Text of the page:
There is a lot of literature about leadership, there even is a lot of literature about political leadership, written by political scientists, philosophers, psychologists, sociologists, neuro-scientists ...
- but which of those books are the classics, which maybe the most innovative or most insightful, which the most controversial or most influential?
And there is a lot of talk about leadership, in the media, at the pup, even at work ... , almost always demanding more, better, stronger or just questioning current political leadership.
We are concerned about and we talk passionately about leadership, we write about and research political leadership - but what do we really know?
And why is it even important to understand?

Tuesday, June 5, 2012

Joseph S. Nye Jr [2008]:

The Powers to Lead

Quote: "Holding a formal leadership position is like having a fishing license; it does not guarantee you will catch any fish." [p. 18]

Abstract: The renown specialist in international politics, Joseph S. Nye, presents his theory on political leadership as a power relationship, where leader, followers and context count. Distinguishing between hard and soft power, Nye argues that successfull leadership needs smart power i.e. leaders who are able to adapt to varying context: "The ability to combine hard and soft power into an effective strategy is smart power." [p. 43]

Key-Words: hard, soft and smart power, followership, contextual intelligence

Definition of Leadership: "Leadership is a social relationship with three key components - leaders, followers, and the context in which they interact." [p.XI]

  • the concept of hard, soft and smart power
"You cannot lead if you do not have power." [p. 27], but according to Nye power and leadership are intertwined, power depends on the context of the relationship between leader and followers.

Hard power coerces, using inducements and threats (carrots and sticks-strategy) such as hiring, firing, bullying, buying and bargaining. It commands what others do.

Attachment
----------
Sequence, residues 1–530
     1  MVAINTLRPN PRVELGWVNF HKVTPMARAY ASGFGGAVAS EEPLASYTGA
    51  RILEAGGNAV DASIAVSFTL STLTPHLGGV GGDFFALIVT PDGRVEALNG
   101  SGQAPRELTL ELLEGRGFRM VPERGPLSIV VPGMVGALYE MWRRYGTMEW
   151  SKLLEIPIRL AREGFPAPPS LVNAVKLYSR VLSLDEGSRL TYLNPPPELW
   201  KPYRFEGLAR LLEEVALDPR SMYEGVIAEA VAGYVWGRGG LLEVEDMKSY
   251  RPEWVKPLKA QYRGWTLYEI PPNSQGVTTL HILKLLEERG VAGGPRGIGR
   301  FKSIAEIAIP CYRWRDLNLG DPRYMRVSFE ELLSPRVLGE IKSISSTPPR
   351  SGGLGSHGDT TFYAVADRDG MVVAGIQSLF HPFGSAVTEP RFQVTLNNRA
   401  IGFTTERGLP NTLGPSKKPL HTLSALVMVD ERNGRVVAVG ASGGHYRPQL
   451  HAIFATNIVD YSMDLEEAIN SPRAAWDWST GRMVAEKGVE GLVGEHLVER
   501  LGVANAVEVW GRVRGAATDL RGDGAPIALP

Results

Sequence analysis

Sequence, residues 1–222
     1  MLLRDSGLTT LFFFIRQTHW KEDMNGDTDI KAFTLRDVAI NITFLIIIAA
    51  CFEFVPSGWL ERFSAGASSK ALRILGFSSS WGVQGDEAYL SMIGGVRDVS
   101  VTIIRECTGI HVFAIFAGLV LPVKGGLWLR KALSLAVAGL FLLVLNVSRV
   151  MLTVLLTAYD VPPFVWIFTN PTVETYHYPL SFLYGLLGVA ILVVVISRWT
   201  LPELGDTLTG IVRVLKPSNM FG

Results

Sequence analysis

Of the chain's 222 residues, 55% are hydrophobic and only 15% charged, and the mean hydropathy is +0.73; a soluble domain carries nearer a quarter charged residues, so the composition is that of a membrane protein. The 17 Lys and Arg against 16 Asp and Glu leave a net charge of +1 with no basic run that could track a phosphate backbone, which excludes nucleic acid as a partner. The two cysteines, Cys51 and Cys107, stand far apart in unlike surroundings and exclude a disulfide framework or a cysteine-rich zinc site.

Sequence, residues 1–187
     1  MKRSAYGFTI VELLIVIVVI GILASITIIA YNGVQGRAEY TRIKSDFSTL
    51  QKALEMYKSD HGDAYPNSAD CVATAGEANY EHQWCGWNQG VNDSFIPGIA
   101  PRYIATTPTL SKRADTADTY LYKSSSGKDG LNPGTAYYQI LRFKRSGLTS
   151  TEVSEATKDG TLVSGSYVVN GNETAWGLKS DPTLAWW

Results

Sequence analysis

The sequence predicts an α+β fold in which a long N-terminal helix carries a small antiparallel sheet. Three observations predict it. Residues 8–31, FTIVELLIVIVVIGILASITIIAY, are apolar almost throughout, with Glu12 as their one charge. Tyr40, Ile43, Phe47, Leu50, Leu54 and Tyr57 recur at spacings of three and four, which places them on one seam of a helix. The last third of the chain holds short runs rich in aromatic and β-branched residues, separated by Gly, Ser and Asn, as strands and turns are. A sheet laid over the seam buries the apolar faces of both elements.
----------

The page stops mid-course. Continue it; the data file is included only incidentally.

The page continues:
Soft power co-opts, using attraction and agenda-setting such as charismatic attraction, emotional inspiration, persuasion and non-verbal comunication. It changes or shapes what others want to do.

Hard and soft power demand different skills. Organizational skills like managing reward and information systems and managing inner and outer circles and Machiavellian political skills like intimidation, manipulation and negotiation are often described as hard, and emotional intelligence, vision and communication as soft power skills.

Leaders can learn to develop the different traits but context is often more important than traits: "Context determines how and when hard and soft power are used more effectively." [p. 67]

  • the concept of contextual intelligence
Contextual intelligence or smart power allows leaders to adapt their personal style of political leadership. They may use hard and soft power alternatively, depending on changing context. Soft power might be seen on the rise in a global, connected world but, as Nye reminds us, we are also living in an ever-changing environment, where leaders often get blamed for random events, as a unique cause for trouble in a multi-causal world, so context and change of context matters: "In practise, effective leadership requires a mixture of soft and hard power skills" [p. X], called "smart power".

Contextual intelligence means understanding evolving environment, capitalizing on trends and adapting style to context and followers needs. Culture, distribution of power resources, time urgency, information flows, and follower's needs and demands are all part of the context.

Since there are no leaders without followers "A leader needs to understand followers." [p. 18] (s)he needs to show empathic intelligence. "People  ... have functional needs for meaning, group identitiy and cohesion, order, and the ability to get work accomplished. Leaders fill these needs by a combination of fear, payment, and attraction - hard and soft power." [p. 32] but followers themselves are also able to use power, they may just go along or they may resist or even lead themselves (leading from the middle). Dependent on their level of engagement (isolates, bystanders, participants, activists and diehards [Kellerman 2008] )and degree of independent thinking  they may choose between  exit, voice and loyalty.

"Leaders are not mere deciders; they help a group decide how to decide." [p. 148]

Critique: Nye's "The Powers to Lead" presents a strong argument for a pragmatic approach to political leadership. Building primarily on Burns' theory of transformative leadership, Heifetz' theory of adaptive leadership and his own theory on hard and soft power, he is able to develop and formulate his own view of political leadership as a power relationship, where leaders, followers and context equally gain center-stage. Though context seems to seize the mantle.
His concept of smart power should prove to become influential in generating future job requirements for selecting 21st century's leaders.

Language: english - easy to read

Assessment: future classic

Link to Video: Joseph S. Nye on "Power"
[Conversation with History, USBerkeleyEvents - 30/03/2011]